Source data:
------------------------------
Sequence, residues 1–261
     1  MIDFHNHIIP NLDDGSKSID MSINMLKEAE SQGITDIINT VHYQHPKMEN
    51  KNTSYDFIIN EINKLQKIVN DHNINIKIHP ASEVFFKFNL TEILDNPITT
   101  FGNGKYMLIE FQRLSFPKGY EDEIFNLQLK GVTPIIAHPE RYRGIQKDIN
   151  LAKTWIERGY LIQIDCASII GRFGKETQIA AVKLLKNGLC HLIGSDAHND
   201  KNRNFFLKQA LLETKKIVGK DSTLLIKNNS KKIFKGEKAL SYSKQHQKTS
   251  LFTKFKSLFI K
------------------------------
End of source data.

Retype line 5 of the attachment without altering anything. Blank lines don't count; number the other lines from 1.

   151  LAKTWIERGY LIQIDCASII GRFGKETQIA AVKLLKNGLC HLIGSDAHND